Hotel room rates fall to 1999 levels
FIERCE COMPETITION among hoteliers in the Republic’s hard-hit hospitality industry has seen average room rates drop back to 1999 levels, according to a survey of businesses.
The annual study, by consultants Horwath Bastow Charleton (HBC), also shows that one-third of Irish hotels are having difficulty meeting interest repayments on their bank loans.
Profits in Irish hotels plummeted by 50 per cent since 2007 because of increased competition, a fall-off in corporate business and a reduction in the average size of functions. This has been exacerbated by an excess capacity of 10,000 hotel rooms, built during the property boom.
The report said the average room rate fell by 20 per cent from €97.69 in 2007 to €77.81 in 2009, and was down a further 10 per cent in the first six months of this year, according to preliminary estimates.
In Dublin, the average room rate dropped by 26 per cent from €116.59 to €87.51 during the two-year period from 2007 to 2009.
However, the recent investment in infrastructure in the capital including the Grand Canal Theatre, the Aviva Stadium and the Convention Centre would help the market rebound quicker in Dublin than elsewhere, the report said.
The hotel sector was in a “very unstable position”, the report noted, with profit margins at many hotels insufficient to meet their loan commitments.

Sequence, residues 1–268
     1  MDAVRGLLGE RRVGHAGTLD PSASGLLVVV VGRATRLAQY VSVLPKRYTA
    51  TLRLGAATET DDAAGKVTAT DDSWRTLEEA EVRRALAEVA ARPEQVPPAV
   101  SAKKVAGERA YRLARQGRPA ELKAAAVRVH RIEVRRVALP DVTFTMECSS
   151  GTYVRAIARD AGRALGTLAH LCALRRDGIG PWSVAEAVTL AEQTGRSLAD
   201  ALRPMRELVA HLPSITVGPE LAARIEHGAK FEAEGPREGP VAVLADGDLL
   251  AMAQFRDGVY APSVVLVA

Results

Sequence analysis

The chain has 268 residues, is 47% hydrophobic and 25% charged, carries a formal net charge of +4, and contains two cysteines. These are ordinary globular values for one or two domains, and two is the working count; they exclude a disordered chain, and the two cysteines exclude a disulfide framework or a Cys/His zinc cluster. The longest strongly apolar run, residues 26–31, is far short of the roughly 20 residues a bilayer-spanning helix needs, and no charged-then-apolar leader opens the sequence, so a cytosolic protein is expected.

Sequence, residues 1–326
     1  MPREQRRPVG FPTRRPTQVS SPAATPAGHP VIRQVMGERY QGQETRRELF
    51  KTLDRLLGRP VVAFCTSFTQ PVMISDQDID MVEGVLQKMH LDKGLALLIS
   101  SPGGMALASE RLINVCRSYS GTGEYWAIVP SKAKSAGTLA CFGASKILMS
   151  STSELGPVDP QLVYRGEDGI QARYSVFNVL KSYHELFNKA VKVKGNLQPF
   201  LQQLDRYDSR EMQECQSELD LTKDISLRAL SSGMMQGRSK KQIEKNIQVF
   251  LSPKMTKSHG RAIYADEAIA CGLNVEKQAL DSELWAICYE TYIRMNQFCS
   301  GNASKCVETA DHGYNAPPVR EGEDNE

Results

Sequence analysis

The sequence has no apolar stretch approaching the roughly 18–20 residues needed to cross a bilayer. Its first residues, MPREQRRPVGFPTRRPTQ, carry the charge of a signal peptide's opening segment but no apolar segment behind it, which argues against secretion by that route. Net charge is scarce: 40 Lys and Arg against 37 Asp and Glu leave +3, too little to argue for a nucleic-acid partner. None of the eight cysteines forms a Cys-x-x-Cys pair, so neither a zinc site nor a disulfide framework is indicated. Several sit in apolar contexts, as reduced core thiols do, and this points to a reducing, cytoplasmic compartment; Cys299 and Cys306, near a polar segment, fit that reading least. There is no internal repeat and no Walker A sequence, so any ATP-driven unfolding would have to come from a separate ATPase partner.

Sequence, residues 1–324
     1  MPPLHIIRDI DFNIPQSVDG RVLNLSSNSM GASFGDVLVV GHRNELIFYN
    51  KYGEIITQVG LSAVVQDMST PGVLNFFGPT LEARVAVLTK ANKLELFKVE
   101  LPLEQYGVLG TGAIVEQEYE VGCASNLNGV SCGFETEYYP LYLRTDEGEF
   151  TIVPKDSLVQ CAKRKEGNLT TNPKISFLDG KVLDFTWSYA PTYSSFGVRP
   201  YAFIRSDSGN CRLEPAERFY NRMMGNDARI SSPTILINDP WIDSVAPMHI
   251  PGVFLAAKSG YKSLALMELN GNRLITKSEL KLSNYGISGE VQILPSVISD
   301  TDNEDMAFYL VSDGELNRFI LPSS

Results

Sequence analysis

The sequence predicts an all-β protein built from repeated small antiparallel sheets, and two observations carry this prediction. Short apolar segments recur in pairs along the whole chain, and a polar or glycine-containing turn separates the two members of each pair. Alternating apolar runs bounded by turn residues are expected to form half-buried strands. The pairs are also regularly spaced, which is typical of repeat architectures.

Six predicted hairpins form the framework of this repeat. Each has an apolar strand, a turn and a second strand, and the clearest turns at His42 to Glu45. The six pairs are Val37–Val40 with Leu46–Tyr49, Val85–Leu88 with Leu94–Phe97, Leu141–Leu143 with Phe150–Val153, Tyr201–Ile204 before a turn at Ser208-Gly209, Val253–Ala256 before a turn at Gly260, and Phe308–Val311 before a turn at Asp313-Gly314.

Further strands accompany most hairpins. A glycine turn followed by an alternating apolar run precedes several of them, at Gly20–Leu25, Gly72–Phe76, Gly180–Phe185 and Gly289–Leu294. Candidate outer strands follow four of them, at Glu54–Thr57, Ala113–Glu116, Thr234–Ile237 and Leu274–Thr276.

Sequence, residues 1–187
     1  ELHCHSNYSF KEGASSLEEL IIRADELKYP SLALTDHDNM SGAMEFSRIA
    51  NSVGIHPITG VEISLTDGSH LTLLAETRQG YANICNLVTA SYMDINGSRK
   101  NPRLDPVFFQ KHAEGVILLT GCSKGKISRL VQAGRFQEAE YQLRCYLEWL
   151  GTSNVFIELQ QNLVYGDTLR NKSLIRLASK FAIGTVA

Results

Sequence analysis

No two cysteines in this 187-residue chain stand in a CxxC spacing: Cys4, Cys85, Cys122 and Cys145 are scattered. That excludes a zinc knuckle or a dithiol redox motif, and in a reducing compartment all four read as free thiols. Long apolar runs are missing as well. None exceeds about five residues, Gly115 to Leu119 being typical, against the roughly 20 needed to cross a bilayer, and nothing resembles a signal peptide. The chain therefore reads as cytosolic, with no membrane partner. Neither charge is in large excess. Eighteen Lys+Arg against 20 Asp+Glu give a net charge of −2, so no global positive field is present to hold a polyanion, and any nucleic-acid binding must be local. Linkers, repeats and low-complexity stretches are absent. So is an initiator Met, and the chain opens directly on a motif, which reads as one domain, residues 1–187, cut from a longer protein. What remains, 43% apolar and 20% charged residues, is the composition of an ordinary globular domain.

The study cited Central Bank figures which estimated total loans outstanding for hotels in the Republic stood at €6.4 billion at the end of 2009. Since more than 40 per cent of room stock or 25,000 rooms were developed over the last 10 years, this meant an average debt per room of these hotels to be in the region of €135,000, or €3.375 billion of total loans outstanding.
The report noted a “worrying acceleration” in the number of hotels going into receivership and liquidation. HBC estimated the market was essentially only 10 per cent of the way through the fallout. The report said the worst-hit sector of the industry was the newly developed four- and five-star resort market.
It said profit per room at luxury hotels had fallen from a high of €13,954 in 2007 to just €3,092 per room in 2009. The costs of developing these resorts, particularly if they included golf and spa elements, were extremely high.
HBC’s Aiden Murphy said the downturn has led to an increasing dependence on the price-sensitive domestic market which has forced hotels to target “alternative market segments” and eat into the market share of lower classification properties.
Irish Hotels Federation president Paul Gallagher said he saw no sign of improvement in the market. “I can’t see an upturn at all, I think market conditions remain very flat.”
Fine Gael’s spokesman on tourism Jimmy Deenihan said the survey made for “chilling reading” for everybody in the sector and called on the finance and tourism ministers to summon Nama and the banks for talks in order to map out a strategy for the hotels sector.